I’ve found the rankings to have very little value in my own selection on where to go to school – not because I didn’t look at them, but because the rational-seeming basis on which I made my decision turned out to have very little to do with what I value about my law school. Caveat emptor rankings buyers.

Houston tops U.S. News Rankings Law v. Undergrad Comparison

Paul Caron at TaxProf, compiled a list of law schools whose rankings outperform that of their parent institutions in U.S. News Rankings: Law v. Undergrad (see the graphic there for the full list). The University of Houston topped the list with a wopping differential of 136 places. This isn’t really news to me since I did both my undergrad and law studies at Houston, but it’s interesting to see the phenomena quantified and note the other institutions in similar situations.

Daniel Solove picked up the thread at Concurring Opinions to pose the question of what effect the standing of the main university has on a law school. I’ve heard more than a few people at the law center speculate on the negative impact of its association with the University as a whole. I tend to think there’s probably more upside than down, but that’s predicated on whether one percieves the unique position and opportunities of the University of Houston as a whole, and the law center as a part of that.

I left my comment speculating on the reasons for this disparity at TaxProf, but I’ll reprint it here for the sake of convenience

Since I attended Houston for both undergrad and law, I suppose I moved up in the world just by staying put. From my observation here I would boil it down to three factors (1) prospective legal market (2) cost and (3) market for students.

Market for students v. cost is the main factor – for undergrads, Houston competes in essentially the same market for students as higher-ranked state institutions University of Texas and Texas A&M which therefore have similar price-points and with Rice as a more expensive, higher-ranked private option. For law schools only the University of Texas is in the same market among state institutions and South Texas and Thurgood Marshall are much more expensive, lower-ranked private institutions. From a cost-benefit perspective, Houston is up against more competitive schools at a equal price point for undergrads but less competitive higher price point schools for law school. The differential is probably exacerbated by the fact that the University of Houston is located in the deeply impoverished third ward neighborhood, which is generally seen as undesirable by prospective undergrads but is probably less of a factor for law students.

Then the legal market in Houston seems pretty healthy. Anecdotally at least, students who have done reasonably well (30% and up, approximately) generally seem to be able to land summer associate gigs without too much trouble. The school also benefits from a generally robust economy that lures unsuspecting future law students to the city for jobs, many of whom then choose to stay for law school. This also accounts for our fairly active evening program.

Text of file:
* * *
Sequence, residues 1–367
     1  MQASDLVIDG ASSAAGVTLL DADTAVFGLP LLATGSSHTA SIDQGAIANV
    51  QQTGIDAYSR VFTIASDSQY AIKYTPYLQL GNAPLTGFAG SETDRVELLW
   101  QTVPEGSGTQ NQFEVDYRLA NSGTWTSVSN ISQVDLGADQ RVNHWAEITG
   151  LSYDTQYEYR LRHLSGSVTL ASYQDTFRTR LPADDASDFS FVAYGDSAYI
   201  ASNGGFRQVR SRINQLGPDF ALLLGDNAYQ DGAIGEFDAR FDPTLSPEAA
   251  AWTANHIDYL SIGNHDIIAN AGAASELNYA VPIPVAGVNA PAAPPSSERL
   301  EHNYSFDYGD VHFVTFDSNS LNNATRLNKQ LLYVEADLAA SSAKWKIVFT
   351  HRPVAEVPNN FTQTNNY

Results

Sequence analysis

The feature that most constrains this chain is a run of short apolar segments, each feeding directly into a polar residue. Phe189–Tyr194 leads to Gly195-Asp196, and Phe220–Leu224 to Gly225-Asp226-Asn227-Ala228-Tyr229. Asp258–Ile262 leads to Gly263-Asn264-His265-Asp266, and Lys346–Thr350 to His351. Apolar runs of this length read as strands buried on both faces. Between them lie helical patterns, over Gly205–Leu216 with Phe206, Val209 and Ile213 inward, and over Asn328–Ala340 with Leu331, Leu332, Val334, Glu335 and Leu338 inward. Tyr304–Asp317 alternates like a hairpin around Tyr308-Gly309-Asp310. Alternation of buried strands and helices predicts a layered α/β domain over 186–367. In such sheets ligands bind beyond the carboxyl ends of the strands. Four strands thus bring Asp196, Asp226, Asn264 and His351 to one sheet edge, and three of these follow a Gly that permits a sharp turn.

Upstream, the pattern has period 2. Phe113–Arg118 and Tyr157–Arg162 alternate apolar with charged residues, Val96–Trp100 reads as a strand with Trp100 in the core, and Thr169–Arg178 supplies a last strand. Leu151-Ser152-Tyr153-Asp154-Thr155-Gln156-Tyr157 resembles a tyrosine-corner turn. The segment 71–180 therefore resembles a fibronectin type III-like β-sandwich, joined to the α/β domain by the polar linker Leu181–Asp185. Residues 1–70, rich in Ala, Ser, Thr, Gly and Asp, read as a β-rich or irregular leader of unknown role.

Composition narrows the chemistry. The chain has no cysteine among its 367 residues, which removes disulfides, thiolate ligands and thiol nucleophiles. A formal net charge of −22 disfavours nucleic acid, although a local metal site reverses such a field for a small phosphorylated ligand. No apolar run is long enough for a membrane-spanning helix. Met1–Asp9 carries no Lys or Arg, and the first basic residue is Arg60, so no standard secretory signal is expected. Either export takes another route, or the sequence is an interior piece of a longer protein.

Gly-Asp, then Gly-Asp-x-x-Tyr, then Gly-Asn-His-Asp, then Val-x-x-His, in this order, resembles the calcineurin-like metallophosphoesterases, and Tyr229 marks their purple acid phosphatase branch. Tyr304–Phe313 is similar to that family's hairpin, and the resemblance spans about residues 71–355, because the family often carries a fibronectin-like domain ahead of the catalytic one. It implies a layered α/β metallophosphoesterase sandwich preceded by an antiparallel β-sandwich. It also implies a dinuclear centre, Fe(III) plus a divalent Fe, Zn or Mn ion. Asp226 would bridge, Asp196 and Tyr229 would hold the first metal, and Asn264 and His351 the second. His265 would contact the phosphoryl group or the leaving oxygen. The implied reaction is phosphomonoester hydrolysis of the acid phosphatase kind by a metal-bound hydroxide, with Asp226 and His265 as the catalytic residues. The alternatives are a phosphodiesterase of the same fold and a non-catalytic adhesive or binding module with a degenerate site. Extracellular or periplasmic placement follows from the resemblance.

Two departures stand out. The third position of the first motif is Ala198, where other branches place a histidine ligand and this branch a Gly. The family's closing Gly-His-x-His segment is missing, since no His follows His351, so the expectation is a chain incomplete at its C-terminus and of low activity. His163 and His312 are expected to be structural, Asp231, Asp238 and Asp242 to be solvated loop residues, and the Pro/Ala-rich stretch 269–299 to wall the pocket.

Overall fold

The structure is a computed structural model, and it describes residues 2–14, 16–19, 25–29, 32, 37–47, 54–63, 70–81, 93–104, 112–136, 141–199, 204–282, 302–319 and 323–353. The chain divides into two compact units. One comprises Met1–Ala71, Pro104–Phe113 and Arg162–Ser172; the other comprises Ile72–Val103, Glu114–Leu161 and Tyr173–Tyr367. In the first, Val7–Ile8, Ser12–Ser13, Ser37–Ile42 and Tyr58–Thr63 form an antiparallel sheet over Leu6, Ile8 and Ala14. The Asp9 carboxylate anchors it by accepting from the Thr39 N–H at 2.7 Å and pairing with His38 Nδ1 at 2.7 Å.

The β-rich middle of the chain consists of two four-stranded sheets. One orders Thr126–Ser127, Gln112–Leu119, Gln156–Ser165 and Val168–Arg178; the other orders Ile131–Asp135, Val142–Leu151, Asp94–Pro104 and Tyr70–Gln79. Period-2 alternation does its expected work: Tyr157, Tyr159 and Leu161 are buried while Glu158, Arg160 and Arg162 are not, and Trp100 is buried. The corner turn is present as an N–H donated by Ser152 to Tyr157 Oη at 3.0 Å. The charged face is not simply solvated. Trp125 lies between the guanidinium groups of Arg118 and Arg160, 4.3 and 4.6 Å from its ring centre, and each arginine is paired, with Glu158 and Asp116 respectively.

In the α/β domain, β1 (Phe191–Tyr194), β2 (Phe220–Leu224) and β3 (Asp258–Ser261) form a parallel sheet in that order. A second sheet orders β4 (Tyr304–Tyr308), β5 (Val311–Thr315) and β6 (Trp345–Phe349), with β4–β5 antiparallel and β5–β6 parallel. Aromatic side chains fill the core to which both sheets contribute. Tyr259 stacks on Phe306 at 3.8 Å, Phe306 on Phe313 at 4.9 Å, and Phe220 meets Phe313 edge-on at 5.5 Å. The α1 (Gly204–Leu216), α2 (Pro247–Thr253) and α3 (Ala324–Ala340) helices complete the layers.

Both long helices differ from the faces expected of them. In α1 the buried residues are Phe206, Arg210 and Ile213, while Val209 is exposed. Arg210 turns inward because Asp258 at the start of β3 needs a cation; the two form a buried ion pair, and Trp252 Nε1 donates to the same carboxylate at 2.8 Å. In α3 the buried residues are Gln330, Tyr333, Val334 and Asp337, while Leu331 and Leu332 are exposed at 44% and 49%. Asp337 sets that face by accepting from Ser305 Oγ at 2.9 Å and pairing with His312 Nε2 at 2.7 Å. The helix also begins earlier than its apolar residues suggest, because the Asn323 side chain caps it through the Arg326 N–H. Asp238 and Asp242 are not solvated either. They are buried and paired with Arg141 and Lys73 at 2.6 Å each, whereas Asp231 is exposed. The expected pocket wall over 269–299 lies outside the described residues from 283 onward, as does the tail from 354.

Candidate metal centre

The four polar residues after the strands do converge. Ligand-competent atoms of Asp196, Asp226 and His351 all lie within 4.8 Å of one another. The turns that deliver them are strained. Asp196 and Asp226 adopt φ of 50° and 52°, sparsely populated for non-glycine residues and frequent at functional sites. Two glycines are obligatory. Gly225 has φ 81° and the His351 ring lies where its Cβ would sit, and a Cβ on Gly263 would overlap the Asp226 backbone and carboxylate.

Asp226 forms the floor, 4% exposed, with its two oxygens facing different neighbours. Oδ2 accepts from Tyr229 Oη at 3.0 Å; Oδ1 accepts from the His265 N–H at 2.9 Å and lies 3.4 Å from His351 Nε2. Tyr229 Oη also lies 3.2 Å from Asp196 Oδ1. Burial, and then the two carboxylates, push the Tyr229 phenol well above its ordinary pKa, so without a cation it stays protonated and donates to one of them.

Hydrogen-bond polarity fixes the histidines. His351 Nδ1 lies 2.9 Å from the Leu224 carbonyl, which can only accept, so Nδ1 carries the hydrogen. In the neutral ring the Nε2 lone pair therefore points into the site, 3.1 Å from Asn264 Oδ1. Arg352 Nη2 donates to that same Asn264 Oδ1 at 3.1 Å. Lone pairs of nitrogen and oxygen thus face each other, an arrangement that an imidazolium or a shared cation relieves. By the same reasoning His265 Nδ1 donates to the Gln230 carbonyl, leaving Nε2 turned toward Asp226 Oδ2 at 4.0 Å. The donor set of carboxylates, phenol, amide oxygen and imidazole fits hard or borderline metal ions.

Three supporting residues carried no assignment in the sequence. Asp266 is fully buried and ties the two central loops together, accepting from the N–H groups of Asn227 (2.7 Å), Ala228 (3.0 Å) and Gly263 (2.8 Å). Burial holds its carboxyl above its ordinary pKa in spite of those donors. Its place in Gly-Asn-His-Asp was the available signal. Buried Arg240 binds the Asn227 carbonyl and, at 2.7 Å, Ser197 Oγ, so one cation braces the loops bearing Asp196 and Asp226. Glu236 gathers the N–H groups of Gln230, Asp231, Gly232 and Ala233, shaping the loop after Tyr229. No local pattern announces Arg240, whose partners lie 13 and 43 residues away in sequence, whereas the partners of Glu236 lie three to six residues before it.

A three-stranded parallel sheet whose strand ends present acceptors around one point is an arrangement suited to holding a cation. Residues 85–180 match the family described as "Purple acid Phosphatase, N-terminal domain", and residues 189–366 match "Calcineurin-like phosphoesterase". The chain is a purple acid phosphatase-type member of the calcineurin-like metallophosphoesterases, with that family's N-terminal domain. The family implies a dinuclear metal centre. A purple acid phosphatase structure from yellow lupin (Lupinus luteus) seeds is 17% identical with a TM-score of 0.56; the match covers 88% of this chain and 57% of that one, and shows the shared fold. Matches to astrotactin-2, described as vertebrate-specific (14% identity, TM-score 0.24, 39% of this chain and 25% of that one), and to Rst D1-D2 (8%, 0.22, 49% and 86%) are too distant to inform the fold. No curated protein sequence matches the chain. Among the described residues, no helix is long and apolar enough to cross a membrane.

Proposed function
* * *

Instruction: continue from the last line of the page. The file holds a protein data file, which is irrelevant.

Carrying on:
From that perspective, I would predict most of these high-differential schools are similar in that they are (1) located in a good legal market (Houston, Atlanta, D.C.) or the only market within geographic proximity (Las Vegas, Utah) and (2) are relatively low cost compared with institutions in the same market (3) those markets are much more competitive for undergrads than for law students. I would also predict that these schools would have robust evening law programs for the same reasons.

How to Choose a Law School

Anastasia is slinging law school choosin’ advice on think like a woman. act like a man.Tips on Choosing a Law School #1: Location and Tips on Choosing a Law School #2: School.

I concur. I’m amazed at how little people know when they make their decision or what they choose to focus on. Rankings, well, they are numerical, I’ll give them that. They’re not bad as a starting point, particularly when you’re trying to figure out what your options might be with your LSAT and GPA. The differences between similarly ranked schools can be significant, however.

Consider, my dear prospective law student, School A an School B. (This is a hypothetical or “hypo” – get used to it) School A is ranked 20 spots above school B in the USNWR rankings. That might seem to be a big deal to you right now. Keep in mind that schools have jumped more than 20 spots in a single year. Taking a closer look you notice that School B is in a major metropolitan city while School A is in a much smaller city. School B’s city has several large and well-regarded firms and untold mid-sized firms as well as state trial and appellate courts and federal trial courts. School A’s city has a few state courts, for a federal gig you would have to go a few hours away to another big city with three other law schools. School B has 400 students in an entering class. School A has 100 students in an entering class. It doesn’t take a math wizard to figure out that there are 30 more students in School’s B’s top 10% than are in the top 10% at School A. That might be somewhat important if you’re dead set on a career in BigLaw and you’re the the eleventh smartest person at either school. Of course, there are numerous other factors to consider as well, and many of them pertain specifically to you and your situation. Certain schools are nice to go to if you’re interested in certain types of practice. Others are geographically pertinent. Texas isn’t a bad state to go to school in if you have a burning desire to do Oil & Gas. If you’re interested in maritime law for some god-awful reason, might I suggest a coast.

Console yourself with this – it probably doesn’t matter which you choose. That’s a little heretical to say, I know, but don’t confuse where you go to law school with who you are or how good a lawyer you’ll be. Lots of good lawyers went to schools you’ve never even thought about. The best advice I can give you – get out there and talk to as many people as you can – law students and especially lawyers. Find the people who do what you want to do and find out what it took to get there.